Johnson & Johnson to air first commercial for prescription drug that also discloses its cost

Johnson & Johnson plans to start airing a television commercial for Xarelto (rivaroxaban) that will also briefly show the anticoagulant's monthly list price of $448, making it the first television advertisement in the US that discloses the cost of a prescription drug, The Wall Street Journal reported Thursday. Scott White, head of Johnson & Johnson's pharmaceuticals business in North America, said the ad will also include a link to a website that has additional information about the price of Xarelto, such as estimated out-of-pocket cost ranges for patients with different types of insurance.

The commercial, which is set to begin airing nationally on March 29, will state that most patients have monthly payments of $0 to $47, based on their insurance coverage and eligibility for financial assistance programmes. According to Johnson & Johnson, about three-fourths of patients fall within this range.

The company announced in February that it planned to roll out television ads for Xarelto disclosing the list and expected out-of-pocket cost by the end of this month. "People want to know what they can expect to pay at the pharmacy counter," White commented. He added that later this year Johnson & Johnson will also begin including pricing information for other prescription products it advertises on television, which currently include Stelara (ustekinumab), a treatment for Crohn's disease, plaque psoriasis and psoriatic arthritis, as well as plaque psoriasis drug Tremfya (guselkumab).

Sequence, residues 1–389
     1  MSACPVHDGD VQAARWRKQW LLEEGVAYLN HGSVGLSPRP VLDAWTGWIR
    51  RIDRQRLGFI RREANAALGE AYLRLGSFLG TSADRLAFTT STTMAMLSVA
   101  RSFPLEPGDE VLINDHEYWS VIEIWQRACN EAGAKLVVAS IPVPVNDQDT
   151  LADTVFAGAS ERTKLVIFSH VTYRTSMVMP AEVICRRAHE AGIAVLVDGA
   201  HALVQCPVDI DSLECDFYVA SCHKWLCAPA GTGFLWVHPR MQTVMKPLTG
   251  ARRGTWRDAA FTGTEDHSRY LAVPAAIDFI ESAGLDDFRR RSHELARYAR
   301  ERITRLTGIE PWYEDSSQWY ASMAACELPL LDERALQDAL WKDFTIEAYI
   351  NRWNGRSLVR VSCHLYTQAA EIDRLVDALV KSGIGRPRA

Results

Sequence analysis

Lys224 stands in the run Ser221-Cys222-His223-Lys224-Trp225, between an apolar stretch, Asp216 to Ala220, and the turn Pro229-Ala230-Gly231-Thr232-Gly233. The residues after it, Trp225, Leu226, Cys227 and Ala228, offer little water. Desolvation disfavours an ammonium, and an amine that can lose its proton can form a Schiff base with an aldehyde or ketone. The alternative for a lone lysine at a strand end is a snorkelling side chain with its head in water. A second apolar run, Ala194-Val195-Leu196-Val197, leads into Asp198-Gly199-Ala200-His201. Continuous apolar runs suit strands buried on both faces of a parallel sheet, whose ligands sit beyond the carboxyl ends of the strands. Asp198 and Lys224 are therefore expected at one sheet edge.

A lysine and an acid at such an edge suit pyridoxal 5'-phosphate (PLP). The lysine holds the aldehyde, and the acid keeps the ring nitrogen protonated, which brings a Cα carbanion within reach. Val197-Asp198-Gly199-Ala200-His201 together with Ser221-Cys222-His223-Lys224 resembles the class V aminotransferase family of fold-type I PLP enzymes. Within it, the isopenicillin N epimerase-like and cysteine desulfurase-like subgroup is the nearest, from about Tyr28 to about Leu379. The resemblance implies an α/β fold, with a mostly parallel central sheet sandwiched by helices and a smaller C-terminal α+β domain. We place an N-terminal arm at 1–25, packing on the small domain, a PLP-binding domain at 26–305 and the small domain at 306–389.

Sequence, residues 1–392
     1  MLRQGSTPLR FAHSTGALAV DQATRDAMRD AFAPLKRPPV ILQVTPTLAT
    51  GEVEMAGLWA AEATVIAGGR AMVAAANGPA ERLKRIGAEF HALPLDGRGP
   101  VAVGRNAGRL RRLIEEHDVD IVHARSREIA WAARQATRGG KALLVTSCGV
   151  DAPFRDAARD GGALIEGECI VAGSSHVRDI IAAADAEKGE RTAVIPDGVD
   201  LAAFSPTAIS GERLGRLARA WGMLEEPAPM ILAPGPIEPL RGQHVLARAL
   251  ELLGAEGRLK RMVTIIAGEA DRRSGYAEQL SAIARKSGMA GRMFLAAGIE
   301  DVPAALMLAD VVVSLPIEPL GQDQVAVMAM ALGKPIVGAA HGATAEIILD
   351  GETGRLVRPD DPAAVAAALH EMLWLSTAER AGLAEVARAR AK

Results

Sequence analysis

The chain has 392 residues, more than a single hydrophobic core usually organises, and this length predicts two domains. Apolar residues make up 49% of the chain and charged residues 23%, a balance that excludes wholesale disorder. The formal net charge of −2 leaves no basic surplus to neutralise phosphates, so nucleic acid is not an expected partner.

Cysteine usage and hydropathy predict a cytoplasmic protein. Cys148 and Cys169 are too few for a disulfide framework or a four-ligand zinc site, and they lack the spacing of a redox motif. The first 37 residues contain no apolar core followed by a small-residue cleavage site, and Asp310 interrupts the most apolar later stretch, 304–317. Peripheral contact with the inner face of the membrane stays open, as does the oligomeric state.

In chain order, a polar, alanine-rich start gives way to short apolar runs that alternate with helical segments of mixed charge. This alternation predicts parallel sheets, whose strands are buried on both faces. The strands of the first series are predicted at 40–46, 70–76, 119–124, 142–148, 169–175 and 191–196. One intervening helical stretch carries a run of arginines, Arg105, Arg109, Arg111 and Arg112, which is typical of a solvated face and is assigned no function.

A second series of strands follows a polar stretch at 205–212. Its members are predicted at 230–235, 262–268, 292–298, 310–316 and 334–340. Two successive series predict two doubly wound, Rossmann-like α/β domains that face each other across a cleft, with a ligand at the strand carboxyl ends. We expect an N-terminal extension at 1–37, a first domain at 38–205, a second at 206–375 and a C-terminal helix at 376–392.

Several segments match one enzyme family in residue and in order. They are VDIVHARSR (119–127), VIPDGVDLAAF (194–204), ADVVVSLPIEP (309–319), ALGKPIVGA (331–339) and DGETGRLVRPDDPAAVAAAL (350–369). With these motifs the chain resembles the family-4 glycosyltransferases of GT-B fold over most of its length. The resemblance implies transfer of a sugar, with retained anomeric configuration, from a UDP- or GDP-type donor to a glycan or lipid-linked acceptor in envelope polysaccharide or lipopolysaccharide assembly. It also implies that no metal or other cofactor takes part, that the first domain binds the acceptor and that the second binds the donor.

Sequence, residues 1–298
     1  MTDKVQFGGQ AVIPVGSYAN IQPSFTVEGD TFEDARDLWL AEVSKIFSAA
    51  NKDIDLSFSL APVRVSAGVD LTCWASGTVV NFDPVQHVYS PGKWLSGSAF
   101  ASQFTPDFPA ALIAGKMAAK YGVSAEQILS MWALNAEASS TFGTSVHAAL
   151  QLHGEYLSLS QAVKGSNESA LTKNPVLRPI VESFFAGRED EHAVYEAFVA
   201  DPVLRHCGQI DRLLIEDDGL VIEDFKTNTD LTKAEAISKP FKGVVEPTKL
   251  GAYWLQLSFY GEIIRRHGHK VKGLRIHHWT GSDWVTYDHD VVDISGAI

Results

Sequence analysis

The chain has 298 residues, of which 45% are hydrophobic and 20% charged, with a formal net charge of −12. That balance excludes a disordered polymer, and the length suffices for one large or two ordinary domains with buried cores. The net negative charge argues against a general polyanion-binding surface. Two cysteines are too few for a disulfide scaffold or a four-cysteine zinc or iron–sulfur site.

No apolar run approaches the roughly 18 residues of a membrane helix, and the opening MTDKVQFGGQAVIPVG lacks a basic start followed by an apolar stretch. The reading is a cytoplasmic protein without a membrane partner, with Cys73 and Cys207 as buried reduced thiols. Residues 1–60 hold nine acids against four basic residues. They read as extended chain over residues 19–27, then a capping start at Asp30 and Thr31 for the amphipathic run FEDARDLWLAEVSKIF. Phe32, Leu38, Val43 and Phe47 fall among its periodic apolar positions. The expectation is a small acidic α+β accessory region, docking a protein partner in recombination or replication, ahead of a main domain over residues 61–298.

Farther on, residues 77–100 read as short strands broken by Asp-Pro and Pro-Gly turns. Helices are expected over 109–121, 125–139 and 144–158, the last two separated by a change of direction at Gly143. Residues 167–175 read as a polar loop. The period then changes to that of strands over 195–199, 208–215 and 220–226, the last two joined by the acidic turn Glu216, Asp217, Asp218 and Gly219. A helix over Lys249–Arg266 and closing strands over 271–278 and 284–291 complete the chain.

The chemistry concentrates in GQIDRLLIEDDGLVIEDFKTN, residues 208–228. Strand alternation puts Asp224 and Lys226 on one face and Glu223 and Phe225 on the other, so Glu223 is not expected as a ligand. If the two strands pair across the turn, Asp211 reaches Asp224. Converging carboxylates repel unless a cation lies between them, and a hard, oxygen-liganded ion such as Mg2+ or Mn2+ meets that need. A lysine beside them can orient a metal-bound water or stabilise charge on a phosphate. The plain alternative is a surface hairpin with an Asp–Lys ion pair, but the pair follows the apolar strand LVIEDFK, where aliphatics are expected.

The announcement follows a proposal last October by the US Health and Human Services department that would require companies to reveal the list prices of certain drugs in direct-to-consumer advertising. The proposed measure has been criticised by the Pharmaceutical Research and Manufacturers of America, which argues the rule could mislead consumers into thinking they will have to pay the full list price of a drug, rather than a copay or coinsurance if they are covered.

The news also comes after executives from seven drugmakers, including Johnson & Johnson, testified before the US Senate Finance Committee last month in a hearing focused on drug pricing. The US House of Representatives' Oversight Committee separately launched a probe into drug pricing in January.

Meanwhile, US lawmakers have introduced legislation proposing several initiatives aimed at reducing drug costs, including a measure that would link US prescription prices to the median price paid in five countries. The proposal aligned with plans unveiled by the Trump administration last year that seek to tie the prices of certain drugs paid by Medicare to an "international pricing index."

Xarelto, which was developed in collaboration with Bayer, has been approved in the US for the prevention of deep vein thrombosis in patients undergoing knee or hip replacement, and for reducing the risk of stroke and systemic embolism in patients with non-valvular atrial fibrillation. Johnson & Johnson reported that sales of the drug fell more than 14 percent year-over-year to $608 million in the fourth quarter of 2018.

For related analysis on drug pricing, see ViewPoints: Pharma gets what it needs from Senate hearing.

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